On July 16th, Air Canada hosted at least two flights for media and trade representatives to experience CleanCare+ and other COVID-19 safety measures onboard their aircraft. While an article was previously written on this trip with a focus on these health and safety measures, we didn’t get a chance to focus on the Airbus A220 experience itself entirely. This article will look specifically at Air Canada’s newest addition to its fleet, and what travelers can look forward to when flying this aircraft.
Some preamble about the flight
This was definitely not your average flight. The whole trip was a demonstration for the media, centered around COVID-19 safety. At least two flights of this nature were arranged on the day. My flight took guests from Vancouver to Edmonton and back, while on the east coast, I believe a similar trip took place between Toronto and Montreal.
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I say all of this to inform you that this wasn’t a typical Air Canada flight. While I would hope that all guests are treated the same, no matter what the flight, one would imagine that flight attendants on this day were on their very, very best behavior. One could assume this, knowing that they would be serving an aircraft full of media, Air Canada executives, and other VIPs.
With that being said, there were plenty of aspects of this flight that will apply to most travelers.
Cabin space and seating
While the A220 is smaller than narrowbodies like the Boeing 737 or Airbus A320, it feels bright and spacious – more than my experience on an older Embraer E190. The overhead bins appear to be quite generously sized as well.
I was seated in the economy class cabin, which is set up in a 3-2 configuration. I didn’t sit in a middle seat, but the A220 is known for offering a bit more width for that less-than-ideal placement.
The legroom in this cabin is fantastic. I am 5’11” (180cm) and felt unrestricted in my ability to stretch out. I think as far as lateral stretching is concerned, the aisle seat gives a bit more space due to the slight curvature of the fuselage below the window.
The seats themselves offer four-way adjustable headrests (which is quite common these days) on a vinyl surface. The seats weren’t super ‘cushy ‘…I think ‘firm’ would probably be the best word to describe the level of softness.
As mentioned in the companion article, I was a little bit disappointed with the amount of recline on these seats. The pre-recline is quite upright, while the recline doesn’t offer much more. In fact, ‘fully reclined’ feels almost like the pre-recline of a widebody/long-haul aircraft. Of course, as these jets are more prone to making short flights, this is understandable.
My apologies for not being able to comment on the A220s lavatory as I didn’t get the chance to use or it check it out. While this isn’t always something that gets reviewed, the A220’s lavatory is something special as it offers a window.
Flying domestic short-haul around the world will provide you with different IFE experiences. For example, European legacy carriers operating within the Schengen zone will often have aircraft void of IFE systems. However, the presence of an entertainment system is something Air Canada does well. Having flown on one or two-hour-long domestic flights with the airline previously, I do recall that even their now-retired Embraers had systems installed.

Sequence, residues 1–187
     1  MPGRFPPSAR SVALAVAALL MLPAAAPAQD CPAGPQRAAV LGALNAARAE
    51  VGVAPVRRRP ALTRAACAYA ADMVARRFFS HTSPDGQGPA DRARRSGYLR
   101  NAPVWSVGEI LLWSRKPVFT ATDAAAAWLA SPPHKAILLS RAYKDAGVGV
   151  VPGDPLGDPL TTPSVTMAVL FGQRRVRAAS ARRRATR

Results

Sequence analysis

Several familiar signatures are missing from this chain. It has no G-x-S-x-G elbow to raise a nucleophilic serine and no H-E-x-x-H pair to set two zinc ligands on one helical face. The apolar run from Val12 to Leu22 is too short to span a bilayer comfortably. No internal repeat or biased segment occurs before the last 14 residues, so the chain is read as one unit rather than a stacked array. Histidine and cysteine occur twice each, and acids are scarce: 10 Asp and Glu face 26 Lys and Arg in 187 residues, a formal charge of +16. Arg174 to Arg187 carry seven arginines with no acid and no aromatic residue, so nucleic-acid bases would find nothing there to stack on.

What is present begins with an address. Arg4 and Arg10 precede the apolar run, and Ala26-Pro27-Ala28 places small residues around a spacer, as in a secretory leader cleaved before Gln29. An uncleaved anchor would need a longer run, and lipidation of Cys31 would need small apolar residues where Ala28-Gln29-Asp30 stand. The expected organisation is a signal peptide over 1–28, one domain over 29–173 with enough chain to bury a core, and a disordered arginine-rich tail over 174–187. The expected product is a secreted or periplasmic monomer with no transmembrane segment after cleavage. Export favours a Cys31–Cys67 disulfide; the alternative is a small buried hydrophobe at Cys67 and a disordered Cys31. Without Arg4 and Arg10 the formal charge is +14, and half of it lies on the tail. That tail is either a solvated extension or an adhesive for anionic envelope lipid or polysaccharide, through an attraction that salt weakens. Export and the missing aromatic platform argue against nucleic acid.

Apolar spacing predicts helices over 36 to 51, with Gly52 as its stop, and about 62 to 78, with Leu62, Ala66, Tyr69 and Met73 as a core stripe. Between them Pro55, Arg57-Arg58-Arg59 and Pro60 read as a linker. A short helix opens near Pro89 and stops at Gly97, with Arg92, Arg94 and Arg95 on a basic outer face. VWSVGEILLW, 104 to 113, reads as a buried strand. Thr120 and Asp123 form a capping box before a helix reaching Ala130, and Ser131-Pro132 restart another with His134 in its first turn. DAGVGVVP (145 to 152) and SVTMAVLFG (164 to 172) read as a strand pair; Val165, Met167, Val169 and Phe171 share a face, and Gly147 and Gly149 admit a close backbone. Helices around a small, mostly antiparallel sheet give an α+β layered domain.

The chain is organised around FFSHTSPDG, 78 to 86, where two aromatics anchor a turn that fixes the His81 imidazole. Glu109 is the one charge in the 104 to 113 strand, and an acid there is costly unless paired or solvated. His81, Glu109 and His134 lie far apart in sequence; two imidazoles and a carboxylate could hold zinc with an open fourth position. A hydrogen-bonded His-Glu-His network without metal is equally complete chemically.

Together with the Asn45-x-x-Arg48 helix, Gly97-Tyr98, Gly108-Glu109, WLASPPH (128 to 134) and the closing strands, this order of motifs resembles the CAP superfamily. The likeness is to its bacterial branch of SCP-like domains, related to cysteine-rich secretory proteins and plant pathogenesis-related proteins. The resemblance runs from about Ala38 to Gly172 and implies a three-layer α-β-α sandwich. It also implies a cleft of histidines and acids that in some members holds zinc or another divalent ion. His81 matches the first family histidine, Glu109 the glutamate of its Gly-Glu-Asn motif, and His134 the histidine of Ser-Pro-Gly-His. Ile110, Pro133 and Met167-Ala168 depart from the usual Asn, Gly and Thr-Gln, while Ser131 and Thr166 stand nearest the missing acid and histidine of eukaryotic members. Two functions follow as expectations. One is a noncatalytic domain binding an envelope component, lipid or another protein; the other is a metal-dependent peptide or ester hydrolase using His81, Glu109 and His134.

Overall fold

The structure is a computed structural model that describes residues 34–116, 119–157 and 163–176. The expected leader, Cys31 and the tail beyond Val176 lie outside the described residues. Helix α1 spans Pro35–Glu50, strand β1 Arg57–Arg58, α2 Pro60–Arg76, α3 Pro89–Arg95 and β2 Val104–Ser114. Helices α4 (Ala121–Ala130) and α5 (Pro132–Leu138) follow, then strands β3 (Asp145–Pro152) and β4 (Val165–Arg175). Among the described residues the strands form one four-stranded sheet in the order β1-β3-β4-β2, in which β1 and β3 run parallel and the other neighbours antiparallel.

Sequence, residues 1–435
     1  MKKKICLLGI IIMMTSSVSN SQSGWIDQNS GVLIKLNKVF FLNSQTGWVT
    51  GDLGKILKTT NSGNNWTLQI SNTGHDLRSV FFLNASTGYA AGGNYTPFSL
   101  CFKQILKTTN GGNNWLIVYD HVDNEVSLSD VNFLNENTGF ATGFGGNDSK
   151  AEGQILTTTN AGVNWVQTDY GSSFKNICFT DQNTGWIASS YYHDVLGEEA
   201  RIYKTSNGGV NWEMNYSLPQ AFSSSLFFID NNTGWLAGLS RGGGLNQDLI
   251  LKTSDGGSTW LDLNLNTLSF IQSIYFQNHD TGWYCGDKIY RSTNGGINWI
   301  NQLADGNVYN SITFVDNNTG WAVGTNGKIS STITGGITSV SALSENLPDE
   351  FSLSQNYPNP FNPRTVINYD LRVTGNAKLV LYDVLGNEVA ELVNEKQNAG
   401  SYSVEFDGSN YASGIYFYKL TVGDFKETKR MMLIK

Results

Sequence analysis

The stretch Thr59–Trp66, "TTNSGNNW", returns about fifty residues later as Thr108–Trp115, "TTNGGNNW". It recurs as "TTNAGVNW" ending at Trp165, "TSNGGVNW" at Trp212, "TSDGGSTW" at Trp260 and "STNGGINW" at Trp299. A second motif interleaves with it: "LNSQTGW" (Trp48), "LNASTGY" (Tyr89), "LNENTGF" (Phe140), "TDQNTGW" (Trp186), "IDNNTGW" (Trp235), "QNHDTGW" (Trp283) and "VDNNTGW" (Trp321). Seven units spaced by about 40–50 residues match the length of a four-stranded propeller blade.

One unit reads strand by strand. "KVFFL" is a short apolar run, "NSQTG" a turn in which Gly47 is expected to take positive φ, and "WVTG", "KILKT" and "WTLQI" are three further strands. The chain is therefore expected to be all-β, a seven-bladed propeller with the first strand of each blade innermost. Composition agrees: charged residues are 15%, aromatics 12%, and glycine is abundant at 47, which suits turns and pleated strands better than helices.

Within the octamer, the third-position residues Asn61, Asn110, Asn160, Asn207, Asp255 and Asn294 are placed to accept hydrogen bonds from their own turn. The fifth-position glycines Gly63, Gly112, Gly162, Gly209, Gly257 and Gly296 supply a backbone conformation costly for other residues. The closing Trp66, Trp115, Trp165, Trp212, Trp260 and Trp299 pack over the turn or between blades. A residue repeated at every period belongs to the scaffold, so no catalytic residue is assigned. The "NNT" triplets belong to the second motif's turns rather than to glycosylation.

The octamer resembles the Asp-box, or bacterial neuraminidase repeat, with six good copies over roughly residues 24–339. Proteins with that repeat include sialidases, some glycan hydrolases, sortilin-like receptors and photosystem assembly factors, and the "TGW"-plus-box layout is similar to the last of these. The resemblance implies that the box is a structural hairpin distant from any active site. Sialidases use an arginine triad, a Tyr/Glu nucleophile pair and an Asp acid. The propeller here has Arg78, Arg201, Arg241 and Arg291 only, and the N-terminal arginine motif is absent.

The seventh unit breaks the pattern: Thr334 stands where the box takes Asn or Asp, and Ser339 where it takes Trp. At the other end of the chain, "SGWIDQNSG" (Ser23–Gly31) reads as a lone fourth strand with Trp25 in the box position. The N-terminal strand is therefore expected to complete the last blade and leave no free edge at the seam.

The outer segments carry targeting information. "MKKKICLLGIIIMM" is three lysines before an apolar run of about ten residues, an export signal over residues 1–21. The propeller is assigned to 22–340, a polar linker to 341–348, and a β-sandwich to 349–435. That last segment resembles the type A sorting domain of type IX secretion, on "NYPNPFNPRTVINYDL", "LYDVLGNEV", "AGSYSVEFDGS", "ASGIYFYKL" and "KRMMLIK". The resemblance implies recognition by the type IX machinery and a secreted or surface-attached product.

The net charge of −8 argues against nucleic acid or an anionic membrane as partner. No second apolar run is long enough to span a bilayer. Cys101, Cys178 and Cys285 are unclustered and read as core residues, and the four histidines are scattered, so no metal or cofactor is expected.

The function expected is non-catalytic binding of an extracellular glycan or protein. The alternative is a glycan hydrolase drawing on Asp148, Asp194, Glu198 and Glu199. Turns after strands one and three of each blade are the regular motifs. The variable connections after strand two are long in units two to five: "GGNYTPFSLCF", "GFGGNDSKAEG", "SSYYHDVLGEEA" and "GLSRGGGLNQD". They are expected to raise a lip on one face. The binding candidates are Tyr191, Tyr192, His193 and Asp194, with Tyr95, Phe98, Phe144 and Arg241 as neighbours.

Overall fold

Needless to say, the system was brand new, fast, and very responsive to touch input. The selection of content seemed quite robust, as well.
These A220s do offer inflight WiFi at a cost. Instructions can be accessed through the IFE menu.
In addition to the ports just below the screen, there is in-seat power for laptop charging below the seats. One socket is shared between the two seats on the left side while two outlets are shared between the three seats on the right.
The inflight meal
This portion of the article is definitely one that won’t line-up with a typical flight. Flying in economy class between Edmonton and Vancouver won’t get you very much. The airline says that for flights under two hours, a complimentary water bottle service will be offered – and that’s it. Over two hours in domestic, a bar service of bottled water and limited soft drinks (Coke, Diet Coke, Ginger Ale) will be offered.
However, in economy class, food is available for purchase in the form of a pre-packaged Bistro box.
The below meal is what guests can expect when traveling out of North America in economy class:
On the outbound flight, we received a meal that represented the airline’s Signature Class (business class):
Health and safety
As already mentioned, the companion article to this goes into much greater depth on the airline’s health and safety measures. However, I might as well take the opportunity to note that all guests are offered a Care Kit, as pictured below. Looking back at our reports of airlines and their coronavirus response measures, these kits are a step above what many other airlines are offering guests:
An exciting product
As published pre-pandemic by Routesonline, the airline had exciting plans for its new A220s:
- Montreal – Halifax
- Montreal – Nassau
- Montreal – Vancouver
- Toronto – Halifax
- Toronto – Vancouver
- Montreal – Denver
- Montreal – Seattle
- Toronto – San Jose CA
Much of this has now changed, unfortunately. However, this does provide an idea of what Air Canada had planned before coronavirus hit. With flights out of Vancouver to both Montreal and Toronto lasting around five hours, passengers might be spending extended periods of time on the A220.
While the seats aren’t the softest, everything else about the aircraft makes for a pleasant journey.
Have you flown on Air Canada’s A220 yet? Or are you hoping to at some point? Let us know in the comments.
Route information above is courtesy of Routesonline.